Quit Victoria has labelled a move to stop tobacco companies from marketing their cigarettes using the words 'light' and mild’, as a step in the right direction.
Deals announced last night, between the ACCC and British American Tobacco Australia Limited (BATA) and Philip Morris Limited, will mean the removal of the words light’, mild’, and micro’ from cigarette packaging within the next two months and see the companies contributing $8 million towards a corrective advertising campaign.
Quit Victoria’s Executive Director, Mr Todd Harper, said the removal of light’ and mild’ descriptors from cigarette packaging would restrict the decades long deceptive practices of the tobacco industry.
""Over 50% of Australians who smoke light’ and mild’ cigarettes think there is some reduced health risk in doing so regardless of health evidence that they are no safer than any other cigarette,"" said Mr Harper.
“For far too long, the tobacco industry have been playing the public for fools over this issue so it is a positive development to see this misleading conduct restricted.”
Mr Harper said although the BATA and Phillip Morris were being forced to give up light’ and mild,’ the public should be wary of the introduction of new packaging that carries a similar implication.
“Although light’ and mild’ packaging will be removed, BATA and Phillip Morris have already begun to introduce new packaging, and suggestive phrases such as fine, smooth, fresh and chilled.”
“We also remain concerned that under their agreement with the ACCC, BATA is free to continue using misleading tar measurements on cigarette packaging.”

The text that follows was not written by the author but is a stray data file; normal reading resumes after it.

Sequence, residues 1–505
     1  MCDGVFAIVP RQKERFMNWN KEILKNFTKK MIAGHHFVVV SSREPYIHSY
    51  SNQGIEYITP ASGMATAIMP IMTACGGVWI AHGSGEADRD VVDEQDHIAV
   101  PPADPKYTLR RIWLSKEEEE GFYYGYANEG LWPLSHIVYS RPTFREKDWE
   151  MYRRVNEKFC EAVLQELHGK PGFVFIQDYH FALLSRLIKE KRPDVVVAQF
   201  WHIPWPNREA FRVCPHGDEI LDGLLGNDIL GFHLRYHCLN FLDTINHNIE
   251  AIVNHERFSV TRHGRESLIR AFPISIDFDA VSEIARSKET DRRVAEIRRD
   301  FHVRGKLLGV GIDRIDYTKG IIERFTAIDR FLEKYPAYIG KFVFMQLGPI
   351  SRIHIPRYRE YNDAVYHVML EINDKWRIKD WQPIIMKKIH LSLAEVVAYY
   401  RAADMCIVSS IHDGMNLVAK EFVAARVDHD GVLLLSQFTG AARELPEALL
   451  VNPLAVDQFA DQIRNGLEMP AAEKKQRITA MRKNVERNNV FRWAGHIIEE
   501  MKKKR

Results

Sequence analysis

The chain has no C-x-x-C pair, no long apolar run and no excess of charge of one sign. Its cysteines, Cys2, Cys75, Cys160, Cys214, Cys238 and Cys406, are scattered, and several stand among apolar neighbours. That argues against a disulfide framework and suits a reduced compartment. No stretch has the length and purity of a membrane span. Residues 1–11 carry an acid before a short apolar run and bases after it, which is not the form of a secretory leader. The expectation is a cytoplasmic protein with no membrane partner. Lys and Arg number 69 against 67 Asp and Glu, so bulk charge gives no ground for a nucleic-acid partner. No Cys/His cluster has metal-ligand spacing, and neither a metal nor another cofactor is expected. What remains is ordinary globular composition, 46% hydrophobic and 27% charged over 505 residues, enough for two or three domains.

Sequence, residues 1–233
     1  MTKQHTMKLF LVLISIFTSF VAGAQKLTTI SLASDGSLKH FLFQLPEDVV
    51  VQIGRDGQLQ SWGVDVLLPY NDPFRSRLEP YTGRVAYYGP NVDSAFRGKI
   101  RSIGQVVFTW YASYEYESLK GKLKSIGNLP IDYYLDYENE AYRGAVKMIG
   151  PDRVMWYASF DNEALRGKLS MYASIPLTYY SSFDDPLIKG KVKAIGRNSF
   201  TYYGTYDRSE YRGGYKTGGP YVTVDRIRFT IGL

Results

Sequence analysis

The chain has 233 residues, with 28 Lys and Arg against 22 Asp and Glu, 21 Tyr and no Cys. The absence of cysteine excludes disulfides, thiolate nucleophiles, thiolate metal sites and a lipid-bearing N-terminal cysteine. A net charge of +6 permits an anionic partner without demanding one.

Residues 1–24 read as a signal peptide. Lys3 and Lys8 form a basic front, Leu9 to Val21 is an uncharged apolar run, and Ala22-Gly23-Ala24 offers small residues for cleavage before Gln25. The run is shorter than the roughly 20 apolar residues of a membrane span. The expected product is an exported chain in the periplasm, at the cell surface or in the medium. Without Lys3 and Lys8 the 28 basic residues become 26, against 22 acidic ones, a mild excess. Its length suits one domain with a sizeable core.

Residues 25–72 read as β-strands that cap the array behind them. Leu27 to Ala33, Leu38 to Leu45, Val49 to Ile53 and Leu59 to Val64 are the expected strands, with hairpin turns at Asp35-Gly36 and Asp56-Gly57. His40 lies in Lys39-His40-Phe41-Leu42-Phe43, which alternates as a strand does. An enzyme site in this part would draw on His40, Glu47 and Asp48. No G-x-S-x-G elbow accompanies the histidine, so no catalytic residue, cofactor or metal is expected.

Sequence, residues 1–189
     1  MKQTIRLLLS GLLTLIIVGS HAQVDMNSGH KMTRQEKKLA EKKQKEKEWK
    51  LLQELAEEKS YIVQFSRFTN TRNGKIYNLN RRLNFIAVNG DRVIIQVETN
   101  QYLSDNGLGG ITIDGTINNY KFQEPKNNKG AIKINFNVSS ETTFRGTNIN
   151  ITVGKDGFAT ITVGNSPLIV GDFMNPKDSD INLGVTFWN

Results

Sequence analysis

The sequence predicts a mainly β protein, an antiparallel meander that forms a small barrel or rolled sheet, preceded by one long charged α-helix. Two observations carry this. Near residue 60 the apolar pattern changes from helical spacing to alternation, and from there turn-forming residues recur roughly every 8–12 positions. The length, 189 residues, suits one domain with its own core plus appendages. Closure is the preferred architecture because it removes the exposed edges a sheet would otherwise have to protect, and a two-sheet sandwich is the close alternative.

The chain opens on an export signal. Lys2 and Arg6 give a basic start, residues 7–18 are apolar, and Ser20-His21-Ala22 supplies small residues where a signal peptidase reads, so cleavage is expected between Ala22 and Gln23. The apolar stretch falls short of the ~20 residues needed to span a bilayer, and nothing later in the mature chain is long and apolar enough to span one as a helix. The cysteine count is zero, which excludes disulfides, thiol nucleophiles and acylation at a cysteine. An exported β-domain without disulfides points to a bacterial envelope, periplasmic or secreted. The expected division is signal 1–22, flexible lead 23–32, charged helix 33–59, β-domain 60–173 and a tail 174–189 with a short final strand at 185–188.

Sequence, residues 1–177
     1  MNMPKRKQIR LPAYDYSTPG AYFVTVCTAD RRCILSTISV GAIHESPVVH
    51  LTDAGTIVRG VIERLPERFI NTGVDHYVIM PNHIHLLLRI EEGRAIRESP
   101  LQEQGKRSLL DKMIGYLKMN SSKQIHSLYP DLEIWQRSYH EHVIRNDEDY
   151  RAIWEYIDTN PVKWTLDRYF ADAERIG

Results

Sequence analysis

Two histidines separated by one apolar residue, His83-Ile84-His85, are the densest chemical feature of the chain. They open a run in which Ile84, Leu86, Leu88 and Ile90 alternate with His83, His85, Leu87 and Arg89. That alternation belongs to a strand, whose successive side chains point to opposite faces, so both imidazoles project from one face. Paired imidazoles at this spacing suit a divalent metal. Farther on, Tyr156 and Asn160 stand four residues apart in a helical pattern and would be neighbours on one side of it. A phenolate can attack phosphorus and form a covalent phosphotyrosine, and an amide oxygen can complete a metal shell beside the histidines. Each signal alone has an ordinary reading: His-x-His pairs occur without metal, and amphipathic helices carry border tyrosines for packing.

“Put simply the industry should not allowed to be using these evocative words, numbers or colours in the marketing of cigarette brands, and we would call on the Federal Government to regulate to prevent this.”
As part of their deals both BATA and Philip Morris, will contribute $4 million each to a consumer education campaign.
“$4 million is small change to BATA who last year posted a profit of $200 million, and to Phillip Morris who boasted a $155 million profit in Australia, so it is a little disappointing that their contribution to a campaign is nothing more than pocket money.”
“Although $8 million is not enough to undo the damage of such a massive deception, the success of the National Tobacco Campaign which began in 1997, has taught us that this funding is a good start in developing an effective campaign.”
Mr Harper said he hoped the ACCC would take decisive action against cigarette maker, Imperial Tobacco, who had refused to co-operate with the ACCC.
“We hope and expect the ACCC takes immediate legal action against Imperial Tobacco. It is unacceptable that they would continue to market light’ and mild’ in such a misleading manner.”
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